NEW YORK CITY — Public Advocate Bill de Blasio may be rising in the polls, but it’s his son, 15-year-old Dante, who’s risen to superstar status after the world got a glimpse of his striking Afro.
In an exclusive interview with DNAinfo, Dante dished on his inspired hairdo, his newfound fame, and his role in his dad’s bid to become New York City’s next mayor.
The teen said he's been mostly unfazed by the wave of attention he's gotten in the wake of his cameo in his dad's campaign ads, but admitted the attention was “still kind of weird.”
“Honestly, for years my hair was really just for me. I didn't think people would love it so much,” Dante told DNAinfo New York in a phone interview Thursday.
“A lot of people recognize me,” he said with a shy laugh. “Some people want to take photos and I’m really just happy.”
According to Dante, maintaining the fabulous 'fro, which he's been cultivating since the third grade, doesn’t take a lot of work.
“I have to pick it out every day and I wash it every week and I get trimmed about once a month,” he said.
He added that he doesn't use any special styling products, shampoo or styling gear, only a favorite purple pick “that's just kind of large."
He does have some professional help — a family friend, Riqui Braithwaite, a natural hairstylist at Harold Melvin Beauty Salon on the Upper West Side, makes monthly housecalls to the de Blasio household to maintain the locks.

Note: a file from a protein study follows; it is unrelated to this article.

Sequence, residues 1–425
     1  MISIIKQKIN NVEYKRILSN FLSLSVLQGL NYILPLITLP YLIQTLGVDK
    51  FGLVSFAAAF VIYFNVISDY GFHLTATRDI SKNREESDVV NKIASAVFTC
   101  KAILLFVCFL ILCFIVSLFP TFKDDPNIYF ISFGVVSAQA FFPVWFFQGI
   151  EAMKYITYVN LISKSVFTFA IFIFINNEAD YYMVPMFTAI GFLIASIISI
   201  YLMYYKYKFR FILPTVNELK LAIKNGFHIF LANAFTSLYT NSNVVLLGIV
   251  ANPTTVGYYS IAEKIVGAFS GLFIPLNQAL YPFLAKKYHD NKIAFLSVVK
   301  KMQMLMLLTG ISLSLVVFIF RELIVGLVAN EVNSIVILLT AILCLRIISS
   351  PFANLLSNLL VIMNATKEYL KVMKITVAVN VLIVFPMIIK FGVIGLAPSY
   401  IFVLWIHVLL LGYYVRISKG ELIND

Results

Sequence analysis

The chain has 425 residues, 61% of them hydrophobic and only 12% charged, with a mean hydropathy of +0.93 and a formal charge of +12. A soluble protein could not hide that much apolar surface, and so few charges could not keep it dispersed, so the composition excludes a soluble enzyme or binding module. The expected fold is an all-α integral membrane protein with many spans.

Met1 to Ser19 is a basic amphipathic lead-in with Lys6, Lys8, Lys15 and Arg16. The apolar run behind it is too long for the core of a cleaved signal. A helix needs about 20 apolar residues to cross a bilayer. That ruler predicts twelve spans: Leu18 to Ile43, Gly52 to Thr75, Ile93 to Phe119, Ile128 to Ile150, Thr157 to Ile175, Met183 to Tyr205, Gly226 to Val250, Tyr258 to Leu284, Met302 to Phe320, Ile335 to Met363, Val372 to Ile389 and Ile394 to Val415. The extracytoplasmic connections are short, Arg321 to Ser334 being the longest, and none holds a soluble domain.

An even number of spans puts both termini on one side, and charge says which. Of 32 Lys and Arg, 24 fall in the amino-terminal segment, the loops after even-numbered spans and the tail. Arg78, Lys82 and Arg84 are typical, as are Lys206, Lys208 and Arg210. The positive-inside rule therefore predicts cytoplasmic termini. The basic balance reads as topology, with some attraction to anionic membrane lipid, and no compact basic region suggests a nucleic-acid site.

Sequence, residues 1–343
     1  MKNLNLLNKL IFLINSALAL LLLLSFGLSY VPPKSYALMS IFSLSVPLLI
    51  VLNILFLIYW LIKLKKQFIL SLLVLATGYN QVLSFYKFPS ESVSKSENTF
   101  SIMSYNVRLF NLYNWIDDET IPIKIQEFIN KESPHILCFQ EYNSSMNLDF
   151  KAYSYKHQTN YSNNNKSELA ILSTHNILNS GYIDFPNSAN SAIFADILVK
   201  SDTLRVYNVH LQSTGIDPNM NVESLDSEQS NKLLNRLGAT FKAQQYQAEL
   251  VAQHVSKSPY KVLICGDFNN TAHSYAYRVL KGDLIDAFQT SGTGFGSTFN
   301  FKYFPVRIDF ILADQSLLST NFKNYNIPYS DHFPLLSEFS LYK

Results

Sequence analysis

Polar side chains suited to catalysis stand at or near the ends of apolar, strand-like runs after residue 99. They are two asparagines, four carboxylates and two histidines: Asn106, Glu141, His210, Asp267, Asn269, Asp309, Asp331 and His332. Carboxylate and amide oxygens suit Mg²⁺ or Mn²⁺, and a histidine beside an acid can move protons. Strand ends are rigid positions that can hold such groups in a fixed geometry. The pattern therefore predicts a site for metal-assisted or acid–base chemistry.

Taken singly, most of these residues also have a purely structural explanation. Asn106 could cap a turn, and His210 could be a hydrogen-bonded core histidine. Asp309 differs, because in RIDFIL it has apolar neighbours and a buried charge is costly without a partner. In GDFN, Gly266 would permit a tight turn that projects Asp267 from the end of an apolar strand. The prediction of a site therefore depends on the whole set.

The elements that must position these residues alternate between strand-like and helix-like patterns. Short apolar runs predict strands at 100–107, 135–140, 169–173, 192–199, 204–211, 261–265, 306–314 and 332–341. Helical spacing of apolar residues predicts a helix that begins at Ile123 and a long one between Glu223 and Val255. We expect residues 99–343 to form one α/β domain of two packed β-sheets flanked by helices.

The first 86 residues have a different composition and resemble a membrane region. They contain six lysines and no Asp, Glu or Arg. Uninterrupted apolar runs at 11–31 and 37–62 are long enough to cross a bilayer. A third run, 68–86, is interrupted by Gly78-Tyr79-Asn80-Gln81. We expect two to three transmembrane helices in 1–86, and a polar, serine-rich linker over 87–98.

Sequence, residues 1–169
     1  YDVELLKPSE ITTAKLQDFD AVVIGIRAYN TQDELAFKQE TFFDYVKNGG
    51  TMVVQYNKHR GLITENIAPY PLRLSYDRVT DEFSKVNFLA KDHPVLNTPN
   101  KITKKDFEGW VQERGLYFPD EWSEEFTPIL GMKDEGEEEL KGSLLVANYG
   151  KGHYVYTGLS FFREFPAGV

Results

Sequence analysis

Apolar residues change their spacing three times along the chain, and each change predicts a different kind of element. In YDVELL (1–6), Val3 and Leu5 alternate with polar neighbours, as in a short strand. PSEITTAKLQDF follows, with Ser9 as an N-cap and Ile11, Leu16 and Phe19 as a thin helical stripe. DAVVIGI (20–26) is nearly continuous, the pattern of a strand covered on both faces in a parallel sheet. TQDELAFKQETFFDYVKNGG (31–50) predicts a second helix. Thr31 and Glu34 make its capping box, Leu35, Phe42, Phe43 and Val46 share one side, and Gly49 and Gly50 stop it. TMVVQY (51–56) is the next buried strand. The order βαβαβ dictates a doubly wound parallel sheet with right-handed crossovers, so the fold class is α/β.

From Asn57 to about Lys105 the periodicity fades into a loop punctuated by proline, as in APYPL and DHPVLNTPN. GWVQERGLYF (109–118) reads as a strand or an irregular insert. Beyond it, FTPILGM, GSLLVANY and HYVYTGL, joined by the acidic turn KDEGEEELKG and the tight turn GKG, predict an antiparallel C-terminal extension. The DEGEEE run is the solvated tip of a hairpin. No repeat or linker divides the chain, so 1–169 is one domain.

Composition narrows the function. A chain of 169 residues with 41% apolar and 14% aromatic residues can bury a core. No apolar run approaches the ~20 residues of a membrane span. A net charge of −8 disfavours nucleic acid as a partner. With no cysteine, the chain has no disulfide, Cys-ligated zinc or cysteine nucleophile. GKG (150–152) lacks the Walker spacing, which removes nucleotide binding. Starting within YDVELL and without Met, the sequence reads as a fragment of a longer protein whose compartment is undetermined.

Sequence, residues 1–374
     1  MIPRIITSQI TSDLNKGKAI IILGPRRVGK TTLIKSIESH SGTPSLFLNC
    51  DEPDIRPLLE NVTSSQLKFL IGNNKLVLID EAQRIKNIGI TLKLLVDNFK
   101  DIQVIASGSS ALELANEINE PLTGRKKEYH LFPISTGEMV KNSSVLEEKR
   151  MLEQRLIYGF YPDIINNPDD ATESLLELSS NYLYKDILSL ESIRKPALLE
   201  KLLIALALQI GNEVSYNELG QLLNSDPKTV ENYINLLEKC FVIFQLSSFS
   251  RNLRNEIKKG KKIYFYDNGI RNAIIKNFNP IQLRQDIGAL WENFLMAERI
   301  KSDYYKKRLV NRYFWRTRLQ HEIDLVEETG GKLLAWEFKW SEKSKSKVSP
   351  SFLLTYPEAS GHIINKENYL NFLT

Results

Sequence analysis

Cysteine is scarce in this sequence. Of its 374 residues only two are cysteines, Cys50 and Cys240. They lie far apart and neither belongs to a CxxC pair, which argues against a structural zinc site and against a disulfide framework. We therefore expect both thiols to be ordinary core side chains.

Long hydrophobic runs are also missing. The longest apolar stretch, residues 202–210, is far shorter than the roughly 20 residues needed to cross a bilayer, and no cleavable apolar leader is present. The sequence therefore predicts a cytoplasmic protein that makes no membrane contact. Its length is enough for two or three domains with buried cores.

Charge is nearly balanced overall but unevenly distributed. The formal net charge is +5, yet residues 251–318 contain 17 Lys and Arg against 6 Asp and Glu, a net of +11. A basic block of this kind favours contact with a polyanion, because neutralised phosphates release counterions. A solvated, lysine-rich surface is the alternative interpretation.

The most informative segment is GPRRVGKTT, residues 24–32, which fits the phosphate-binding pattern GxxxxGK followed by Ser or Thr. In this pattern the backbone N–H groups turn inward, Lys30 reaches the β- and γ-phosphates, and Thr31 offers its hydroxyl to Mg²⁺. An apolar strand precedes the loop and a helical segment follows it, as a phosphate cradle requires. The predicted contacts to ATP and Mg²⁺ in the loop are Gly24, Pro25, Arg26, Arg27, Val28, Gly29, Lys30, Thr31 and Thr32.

Braithwaite, who befriended Dante's mom Chirlane McCray many years ago, has been cutting Dante’s hair from a young age. She only uses scissors, no electric clippers.
She remembered Dante introducing her to the cartoon series “The Boondocks,” whose main character, Huey Freeman, inspired his hair.
“He showed me the little kid's hair and I said, 'ah, that is your hair,'” she said. “It made me not cut his hair evenly all around so he could get a similar look as that character.”
Dante said he first fell in love with the 'fro in the third grade, after being inspired by the African-American pride that was associated with the rise of the afro in the 1960s and '70s. Ever since then, he said, it’s been a topic of conversation.
“At the time I really just liked the style,” he said, “I was just bringing back the style that meant a lot.”
“A lot of older people like to talk about how they used to have Afros, like in the 70s and 60s, because that was the time when it was really popular,” he added.
While his personal style has been known among his friends for a long time, Dante says having it on display in his dad’s ad came as a shock to some of them.
“They can't really believe I was in a commercial,” he said.
Braithwaite said she was excited to see Dante starring in the famous ad for his father: “When I saw it on TV, I said, 'oh — that is so cool!'”
Not that she was surprised by Dante’s performance.
“It's interesting to have seen him as a really little kid and see who he's grown up into,” she said. “Dante's a just a very laid-back, cool human being.”
For Dante, he’s just glad to be able to help his dad.
“I’m glad to help my dad however I can,” he said. “Honestly, it's my hair and I’m glad to show it off.”